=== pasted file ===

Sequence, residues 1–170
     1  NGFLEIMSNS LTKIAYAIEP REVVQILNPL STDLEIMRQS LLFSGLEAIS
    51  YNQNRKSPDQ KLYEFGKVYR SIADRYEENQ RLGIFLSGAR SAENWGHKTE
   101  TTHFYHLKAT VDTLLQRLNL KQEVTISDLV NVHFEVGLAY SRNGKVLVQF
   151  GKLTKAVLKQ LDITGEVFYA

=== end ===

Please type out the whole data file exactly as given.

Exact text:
Sequence, residues 1–170
     1  NGFLEIMSNS LTKIAYAIEP REVVQILNPL STDLEIMRQS LLFSGLEAIS
    51  YNQNRKSPDQ KLYEFGKVYR SIADRYEENQ RLGIFLSGAR SAENWGHKTE
   101  TTHFYHLKAT VDTLLQRLNL KQEVTISDLV NVHFEVGLAY SRNGKVLVQF
   151  GKLTKAVLKQ LDITGEVFYA